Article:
Recognizing that going to synagogue for the first time can be a challenge, we offer you our booklet, What To Expect At A Synagogue. In it, you will find an overview of what Shabbat is, and how it is celebrated in synagogues. Language is explained, the prayer services are broken down, and many common questions are answered.
Mishkan is a social and spiritual community in Chicago reclaiming Judaism's progressive edge and ecstatic spirit. We believe Judaism is a vehicle for bringing more goodness, more justice and more joy into the world. Mishkan is inspired, down-to-earth Judaism.
InterfaithFamily Shabbat is an opportunity for your synagogue or organization to join with other welcoming communities in a bold statement that we will continue to build an inclusive Jewish community in our local areas and across the country.
A great way for Jewish professionals and volunteers who work with and provide programming for people in interfaith relationships to locate resources and trainings to build more welcome into their Jewish communities; connect with and learn from each other; and publicize and enhance their programs and services.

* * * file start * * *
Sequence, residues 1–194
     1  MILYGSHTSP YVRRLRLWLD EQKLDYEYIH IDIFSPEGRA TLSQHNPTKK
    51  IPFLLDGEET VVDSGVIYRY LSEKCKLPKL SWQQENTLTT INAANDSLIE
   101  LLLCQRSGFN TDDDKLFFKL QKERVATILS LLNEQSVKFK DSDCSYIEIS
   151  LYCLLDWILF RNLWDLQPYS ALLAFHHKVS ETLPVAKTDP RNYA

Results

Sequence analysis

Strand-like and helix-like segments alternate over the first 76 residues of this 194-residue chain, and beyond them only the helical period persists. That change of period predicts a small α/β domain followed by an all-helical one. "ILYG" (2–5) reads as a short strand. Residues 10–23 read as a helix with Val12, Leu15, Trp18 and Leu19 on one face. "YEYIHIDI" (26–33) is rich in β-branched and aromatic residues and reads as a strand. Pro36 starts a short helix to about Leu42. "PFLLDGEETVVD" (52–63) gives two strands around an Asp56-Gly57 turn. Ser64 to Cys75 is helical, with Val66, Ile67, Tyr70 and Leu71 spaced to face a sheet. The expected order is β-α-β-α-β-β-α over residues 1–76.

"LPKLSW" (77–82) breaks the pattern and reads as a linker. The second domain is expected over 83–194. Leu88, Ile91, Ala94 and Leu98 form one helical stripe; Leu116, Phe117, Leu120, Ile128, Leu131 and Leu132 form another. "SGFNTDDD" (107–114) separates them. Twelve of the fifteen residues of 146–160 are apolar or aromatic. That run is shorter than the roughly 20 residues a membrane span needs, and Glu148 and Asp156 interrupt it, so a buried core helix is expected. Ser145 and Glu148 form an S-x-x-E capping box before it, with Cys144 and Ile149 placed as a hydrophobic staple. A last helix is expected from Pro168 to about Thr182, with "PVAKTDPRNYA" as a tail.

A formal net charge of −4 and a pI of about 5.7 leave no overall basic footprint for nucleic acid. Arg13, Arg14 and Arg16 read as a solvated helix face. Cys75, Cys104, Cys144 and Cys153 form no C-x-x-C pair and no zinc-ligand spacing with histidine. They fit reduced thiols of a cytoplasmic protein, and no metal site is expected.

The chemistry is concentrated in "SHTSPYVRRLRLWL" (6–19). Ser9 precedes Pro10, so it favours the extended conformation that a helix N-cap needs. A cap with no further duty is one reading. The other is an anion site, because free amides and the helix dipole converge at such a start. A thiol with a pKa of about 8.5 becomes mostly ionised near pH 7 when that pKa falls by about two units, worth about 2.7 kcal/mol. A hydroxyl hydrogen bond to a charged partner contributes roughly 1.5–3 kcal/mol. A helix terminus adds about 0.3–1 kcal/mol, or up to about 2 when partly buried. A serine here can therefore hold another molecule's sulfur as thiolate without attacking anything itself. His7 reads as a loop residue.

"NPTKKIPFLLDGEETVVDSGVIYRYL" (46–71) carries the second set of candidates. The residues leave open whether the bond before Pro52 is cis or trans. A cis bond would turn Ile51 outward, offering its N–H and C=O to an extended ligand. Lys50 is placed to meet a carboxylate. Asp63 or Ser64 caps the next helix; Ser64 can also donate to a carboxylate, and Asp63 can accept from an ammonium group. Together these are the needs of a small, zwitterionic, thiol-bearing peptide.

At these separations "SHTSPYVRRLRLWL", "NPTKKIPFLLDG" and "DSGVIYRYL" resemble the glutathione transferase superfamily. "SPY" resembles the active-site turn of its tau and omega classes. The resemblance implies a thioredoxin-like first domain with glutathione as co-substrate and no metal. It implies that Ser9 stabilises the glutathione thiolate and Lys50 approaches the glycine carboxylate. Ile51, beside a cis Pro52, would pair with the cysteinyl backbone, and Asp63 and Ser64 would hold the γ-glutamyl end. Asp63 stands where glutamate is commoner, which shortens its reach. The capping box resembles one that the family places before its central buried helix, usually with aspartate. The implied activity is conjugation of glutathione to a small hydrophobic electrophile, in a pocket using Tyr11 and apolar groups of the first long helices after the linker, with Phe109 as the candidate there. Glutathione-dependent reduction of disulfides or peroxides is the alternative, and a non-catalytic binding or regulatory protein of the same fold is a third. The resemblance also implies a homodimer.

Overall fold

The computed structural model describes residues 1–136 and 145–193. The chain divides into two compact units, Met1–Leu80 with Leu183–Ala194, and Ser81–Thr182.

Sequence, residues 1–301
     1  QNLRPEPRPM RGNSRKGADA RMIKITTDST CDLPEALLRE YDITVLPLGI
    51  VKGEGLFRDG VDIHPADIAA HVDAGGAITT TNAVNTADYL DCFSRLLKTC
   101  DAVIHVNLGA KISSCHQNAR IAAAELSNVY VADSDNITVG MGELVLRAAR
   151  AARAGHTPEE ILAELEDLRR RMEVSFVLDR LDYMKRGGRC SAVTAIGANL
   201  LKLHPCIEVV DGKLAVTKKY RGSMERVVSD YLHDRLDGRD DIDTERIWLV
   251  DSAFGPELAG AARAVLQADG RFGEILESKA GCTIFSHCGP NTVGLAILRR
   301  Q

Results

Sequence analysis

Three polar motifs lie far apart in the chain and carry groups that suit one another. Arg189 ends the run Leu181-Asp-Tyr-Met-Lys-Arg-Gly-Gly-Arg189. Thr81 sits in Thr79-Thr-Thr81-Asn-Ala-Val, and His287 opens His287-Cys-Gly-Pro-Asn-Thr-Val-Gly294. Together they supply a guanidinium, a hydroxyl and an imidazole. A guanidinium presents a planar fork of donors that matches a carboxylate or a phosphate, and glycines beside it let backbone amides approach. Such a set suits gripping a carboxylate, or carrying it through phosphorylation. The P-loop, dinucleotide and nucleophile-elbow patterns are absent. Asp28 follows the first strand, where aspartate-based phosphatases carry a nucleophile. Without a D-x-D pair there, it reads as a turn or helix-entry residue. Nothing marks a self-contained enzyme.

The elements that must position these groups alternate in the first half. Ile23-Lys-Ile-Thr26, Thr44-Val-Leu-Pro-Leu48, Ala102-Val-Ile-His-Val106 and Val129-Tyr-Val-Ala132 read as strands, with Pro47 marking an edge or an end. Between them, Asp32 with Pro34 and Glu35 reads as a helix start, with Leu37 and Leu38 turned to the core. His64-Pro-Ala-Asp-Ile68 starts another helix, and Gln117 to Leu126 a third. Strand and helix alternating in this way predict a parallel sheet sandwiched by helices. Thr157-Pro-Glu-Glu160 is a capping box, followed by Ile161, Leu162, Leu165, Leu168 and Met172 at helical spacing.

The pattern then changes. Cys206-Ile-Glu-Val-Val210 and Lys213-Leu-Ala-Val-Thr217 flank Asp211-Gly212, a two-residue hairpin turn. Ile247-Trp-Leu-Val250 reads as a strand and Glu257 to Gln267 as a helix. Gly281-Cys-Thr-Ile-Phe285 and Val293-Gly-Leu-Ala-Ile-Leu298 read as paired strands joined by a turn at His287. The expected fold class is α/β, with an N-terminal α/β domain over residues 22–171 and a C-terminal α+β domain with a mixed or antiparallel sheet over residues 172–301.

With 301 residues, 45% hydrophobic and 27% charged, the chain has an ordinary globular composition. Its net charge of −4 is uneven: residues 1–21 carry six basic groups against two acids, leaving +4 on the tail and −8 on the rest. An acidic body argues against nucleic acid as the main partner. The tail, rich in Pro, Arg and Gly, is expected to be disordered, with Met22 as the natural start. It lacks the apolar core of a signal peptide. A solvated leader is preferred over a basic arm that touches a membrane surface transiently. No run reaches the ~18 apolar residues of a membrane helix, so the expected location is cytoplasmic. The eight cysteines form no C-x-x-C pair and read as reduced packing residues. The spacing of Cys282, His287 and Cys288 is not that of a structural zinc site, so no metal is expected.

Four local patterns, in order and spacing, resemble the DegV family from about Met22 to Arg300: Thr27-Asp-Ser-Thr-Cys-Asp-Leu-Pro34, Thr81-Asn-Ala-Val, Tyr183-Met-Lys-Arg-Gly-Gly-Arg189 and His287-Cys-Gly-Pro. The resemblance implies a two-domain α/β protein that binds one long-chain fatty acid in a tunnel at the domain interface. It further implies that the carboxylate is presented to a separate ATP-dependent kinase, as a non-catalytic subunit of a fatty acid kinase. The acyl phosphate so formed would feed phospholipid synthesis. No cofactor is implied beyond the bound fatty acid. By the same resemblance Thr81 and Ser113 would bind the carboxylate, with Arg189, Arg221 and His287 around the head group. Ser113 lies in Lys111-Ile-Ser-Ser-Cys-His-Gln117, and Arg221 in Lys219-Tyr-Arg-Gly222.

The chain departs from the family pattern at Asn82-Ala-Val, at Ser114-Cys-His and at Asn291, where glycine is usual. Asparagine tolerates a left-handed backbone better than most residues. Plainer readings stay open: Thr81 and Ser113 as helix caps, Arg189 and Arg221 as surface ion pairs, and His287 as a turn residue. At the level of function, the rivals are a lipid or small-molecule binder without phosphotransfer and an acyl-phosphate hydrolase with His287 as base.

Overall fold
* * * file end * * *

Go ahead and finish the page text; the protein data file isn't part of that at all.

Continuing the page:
This is a marked change from three years ago, when Siegel said CHANUKAH was the leader with 2.8 million references, followed by HANUKAH with 691,000.
It’s surprising that CHANUKAH has become the spelling of choice of traditional organizations, which tend to be sticklers for correct pronunciation. The CH- opening makes sense, because, for those in the know, it differentiates between the standard soft H- sound in the English language and the gutteral H of the Hebrew letter het/chet. But the single K is surprising because, as Rabbi Zemel suggests, the double K in HANUKKAH may be used as a way of distinguishing between the Hebrew letters kaf and kuf, both of which produce the K sound.
Starting with an H, rather than a CH, makes sense for non-Jewish and more progressive organizations, which are more concerned with accessibility than exact linguistic accuracy. Really, who beyond the small minority of Jews in this country knows that the CH- in CHANUKAH isn’t supposed to sound like the CH in “cheetah”? English’s soft H is good enough for government work.
It’s surprising, though, that the double-K has stuck, since there’s no need to distinguish between two Hebrew letters for the vast majority of people who don’t know their alef from their bet.
While the Jewish world may not be able to agree on how to spell, um, that December holiday with the candles and the latkes (or is it latkas?), at least we can all agree that the following song and video by the LeeVees kicks ass: